Some things start sadly and end quite happily; this is one of those things.
There are those who might think that I embarked on an adventure that is essentially immoral or unethical or indefensible, but I have tried all my life to work hard and get rich while being kind to my neighbors and to the planet; it has not worked out. I have unpaid bills, I sleep alone. I have fatigue, grey depression and sometimes even despair. I have ingrown toenails, less than good teeth, less than a truly full head of hair; people try to charm me, cajole me, patronise me, they lie to me and avoid touching me. I am old, just old. And I want out, or off and away. Something different.
…I have tried all my life to work hard and get rich while being kind to my neighbors and to the planet; it has not worked out. I have unpaid bills, I sleep alone. I have fatigue, grey depression and sometimes even despair…
Though I have learnt, like everyone else, to be wary of modern solutions, both local and global, I was hooked by an advertisement entitled “die-The-death” in last month’s issue of Age & Issues. They promised to end it all painlessly. I paid online, as you do for a vacation, except that I was buying an all-inclusive death. Scanning the list of “Possible Passings,” I admit that I pondered “Jet-ski incident” and dwelt over “Sexual exertion accident,” but finally, I clicked the box marked “Surprise.” My client number duly arrived and I was told that I could use it to track my death date on the net.
I waited. And I went back on the net, tracking. They were busy. I would have to be patient. Patient! Waiting to die and having paid in advance? Then suddenly an email. Would tomorrow at 4:00 p.m. be convenient? Well, no, it would not be convenient. It was too soon, and anyway it would be plain stupid to miss the last episode of Rona’s Adventures in Rome on TV. I mean, I had already enjoyed fifteen hours of her antics and to go off into the blue-beyond leaving her stranded alone in the amphitheater with that randy Italian seemed both unfair to her and unnecessarily cruel to me. So I said No. Thursday at 10:00 a.m. would be better. Just after breakfast. I assured them that I would be ready with all vital papers, credit cards, last wills and testaments etc. in an obvious place and the gas turned off. They said that Thursday they would be busy, but they would do their best to squeeze me in. I admit the word “squeeze” made me feel anxious.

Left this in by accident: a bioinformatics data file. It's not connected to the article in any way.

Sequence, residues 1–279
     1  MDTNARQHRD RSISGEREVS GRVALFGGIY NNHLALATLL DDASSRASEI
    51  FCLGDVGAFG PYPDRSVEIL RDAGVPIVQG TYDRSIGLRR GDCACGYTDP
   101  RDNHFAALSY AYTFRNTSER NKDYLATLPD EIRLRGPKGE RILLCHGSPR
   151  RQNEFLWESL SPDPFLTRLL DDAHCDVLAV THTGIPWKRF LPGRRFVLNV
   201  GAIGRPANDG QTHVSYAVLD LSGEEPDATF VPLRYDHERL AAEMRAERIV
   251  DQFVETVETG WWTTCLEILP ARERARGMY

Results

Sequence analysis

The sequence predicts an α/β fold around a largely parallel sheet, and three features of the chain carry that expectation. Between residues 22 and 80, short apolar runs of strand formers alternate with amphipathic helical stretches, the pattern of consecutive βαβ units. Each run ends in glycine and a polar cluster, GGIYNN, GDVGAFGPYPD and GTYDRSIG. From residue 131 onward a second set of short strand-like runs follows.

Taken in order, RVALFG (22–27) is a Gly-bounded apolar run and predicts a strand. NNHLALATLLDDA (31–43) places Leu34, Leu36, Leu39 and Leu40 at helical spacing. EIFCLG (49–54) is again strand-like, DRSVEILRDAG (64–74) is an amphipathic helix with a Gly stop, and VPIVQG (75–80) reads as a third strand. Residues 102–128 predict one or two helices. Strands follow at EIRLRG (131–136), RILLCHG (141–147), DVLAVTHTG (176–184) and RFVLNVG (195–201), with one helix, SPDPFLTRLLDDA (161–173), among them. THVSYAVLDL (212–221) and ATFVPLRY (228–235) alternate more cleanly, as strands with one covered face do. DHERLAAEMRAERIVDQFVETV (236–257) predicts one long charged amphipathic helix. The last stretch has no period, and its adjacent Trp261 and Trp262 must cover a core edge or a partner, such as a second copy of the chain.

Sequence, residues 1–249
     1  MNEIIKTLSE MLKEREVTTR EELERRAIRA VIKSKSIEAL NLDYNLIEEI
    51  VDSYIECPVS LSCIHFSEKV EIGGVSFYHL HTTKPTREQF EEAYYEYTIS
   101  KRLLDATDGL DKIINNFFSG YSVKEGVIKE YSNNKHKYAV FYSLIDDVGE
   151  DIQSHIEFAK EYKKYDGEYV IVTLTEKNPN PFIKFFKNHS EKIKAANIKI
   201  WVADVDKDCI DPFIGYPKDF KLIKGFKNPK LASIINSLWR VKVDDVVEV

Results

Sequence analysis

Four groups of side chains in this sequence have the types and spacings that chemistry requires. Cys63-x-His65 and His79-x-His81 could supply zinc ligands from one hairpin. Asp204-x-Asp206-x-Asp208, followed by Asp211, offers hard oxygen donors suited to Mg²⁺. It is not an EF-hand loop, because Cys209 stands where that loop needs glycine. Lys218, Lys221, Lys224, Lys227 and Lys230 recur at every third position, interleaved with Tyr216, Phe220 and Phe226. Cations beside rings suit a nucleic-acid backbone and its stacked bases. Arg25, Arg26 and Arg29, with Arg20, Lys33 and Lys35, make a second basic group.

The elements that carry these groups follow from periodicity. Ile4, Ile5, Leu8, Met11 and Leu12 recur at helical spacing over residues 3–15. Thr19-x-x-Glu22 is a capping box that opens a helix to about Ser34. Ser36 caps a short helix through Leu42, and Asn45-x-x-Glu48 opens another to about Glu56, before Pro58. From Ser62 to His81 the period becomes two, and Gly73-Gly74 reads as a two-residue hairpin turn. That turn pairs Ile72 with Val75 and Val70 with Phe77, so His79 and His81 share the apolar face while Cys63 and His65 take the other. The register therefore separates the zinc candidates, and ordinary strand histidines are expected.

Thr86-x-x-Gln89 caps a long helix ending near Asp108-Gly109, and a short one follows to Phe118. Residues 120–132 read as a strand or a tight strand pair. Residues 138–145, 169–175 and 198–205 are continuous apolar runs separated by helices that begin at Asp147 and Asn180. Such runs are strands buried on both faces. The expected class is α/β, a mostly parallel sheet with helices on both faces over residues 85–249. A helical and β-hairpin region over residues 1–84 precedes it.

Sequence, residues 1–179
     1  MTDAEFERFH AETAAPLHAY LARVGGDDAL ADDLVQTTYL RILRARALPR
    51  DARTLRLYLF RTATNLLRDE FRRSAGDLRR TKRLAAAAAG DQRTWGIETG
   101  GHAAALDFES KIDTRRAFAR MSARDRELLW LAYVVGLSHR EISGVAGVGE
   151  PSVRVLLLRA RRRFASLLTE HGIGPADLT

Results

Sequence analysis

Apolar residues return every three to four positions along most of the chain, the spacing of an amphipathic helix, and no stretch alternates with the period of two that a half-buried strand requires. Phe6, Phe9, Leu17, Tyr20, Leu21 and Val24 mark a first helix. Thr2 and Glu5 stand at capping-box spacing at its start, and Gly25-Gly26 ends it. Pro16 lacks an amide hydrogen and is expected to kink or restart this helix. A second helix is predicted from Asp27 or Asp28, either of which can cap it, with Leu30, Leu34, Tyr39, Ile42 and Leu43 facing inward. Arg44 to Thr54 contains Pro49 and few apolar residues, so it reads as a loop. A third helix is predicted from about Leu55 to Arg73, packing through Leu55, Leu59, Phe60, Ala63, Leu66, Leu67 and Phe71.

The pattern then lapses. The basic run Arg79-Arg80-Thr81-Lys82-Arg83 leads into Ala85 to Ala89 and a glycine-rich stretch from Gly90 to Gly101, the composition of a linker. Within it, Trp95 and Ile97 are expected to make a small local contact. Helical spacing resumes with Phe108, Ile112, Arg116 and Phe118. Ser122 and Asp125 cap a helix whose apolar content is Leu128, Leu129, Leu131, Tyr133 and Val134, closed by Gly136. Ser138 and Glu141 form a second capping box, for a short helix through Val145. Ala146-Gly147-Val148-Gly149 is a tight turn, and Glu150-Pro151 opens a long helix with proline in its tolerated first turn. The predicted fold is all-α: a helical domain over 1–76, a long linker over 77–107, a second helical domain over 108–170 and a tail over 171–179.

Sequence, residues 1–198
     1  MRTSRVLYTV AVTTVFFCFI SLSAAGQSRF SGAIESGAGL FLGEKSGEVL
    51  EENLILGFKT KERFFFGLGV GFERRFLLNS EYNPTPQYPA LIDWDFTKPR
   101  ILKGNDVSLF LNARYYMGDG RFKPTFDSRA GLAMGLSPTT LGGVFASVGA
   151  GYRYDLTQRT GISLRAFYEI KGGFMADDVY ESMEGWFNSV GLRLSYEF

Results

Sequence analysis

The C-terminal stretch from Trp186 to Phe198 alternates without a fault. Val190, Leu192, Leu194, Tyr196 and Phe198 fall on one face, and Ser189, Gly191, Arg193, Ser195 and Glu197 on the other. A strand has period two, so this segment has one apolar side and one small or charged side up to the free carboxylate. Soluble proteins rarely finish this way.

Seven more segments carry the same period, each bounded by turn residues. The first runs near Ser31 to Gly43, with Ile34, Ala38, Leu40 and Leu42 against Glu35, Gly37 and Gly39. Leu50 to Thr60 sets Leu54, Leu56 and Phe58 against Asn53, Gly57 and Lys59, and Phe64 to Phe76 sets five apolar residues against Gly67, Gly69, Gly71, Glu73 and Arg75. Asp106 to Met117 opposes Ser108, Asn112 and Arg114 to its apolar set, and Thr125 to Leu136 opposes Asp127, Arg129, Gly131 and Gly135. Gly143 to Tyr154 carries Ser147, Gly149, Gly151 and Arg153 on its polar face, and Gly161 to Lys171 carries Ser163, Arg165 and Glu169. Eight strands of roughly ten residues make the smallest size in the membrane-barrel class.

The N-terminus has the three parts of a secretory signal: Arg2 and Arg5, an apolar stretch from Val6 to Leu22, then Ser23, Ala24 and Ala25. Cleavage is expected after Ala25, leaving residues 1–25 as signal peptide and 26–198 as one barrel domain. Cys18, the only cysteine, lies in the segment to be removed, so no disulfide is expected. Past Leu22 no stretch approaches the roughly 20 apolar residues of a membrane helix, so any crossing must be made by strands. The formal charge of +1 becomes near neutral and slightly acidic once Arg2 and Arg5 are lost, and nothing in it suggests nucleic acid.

Wednesday night I didn’t sleep. I awoke unready and unexcited by the notion of my usual (and in this case, the last) breakfast. I felt lethargic. To put it bluntly, I felt too tired and too depressed to die. So I called.
They were cool and I was shrill. Then we were all angry. I admit, in the heat of the moment, I threatened to sue; they calmed suddenly and agreed to a new date and time. Absolutely, definitely, Saturday at noon.
When Saturday arrived, I was prepared, stoic, a little better dressed than usual, with the apartment tidied and a couple of seeming useful, kindly letters written and positioned behind the clock on the mantle-piece. 12:12 p.m. No show. No death. I began to suspect that I had been (not for the first time in my life) taken for a long ride by a bunch of short crooks, when suddenly the door burst open…
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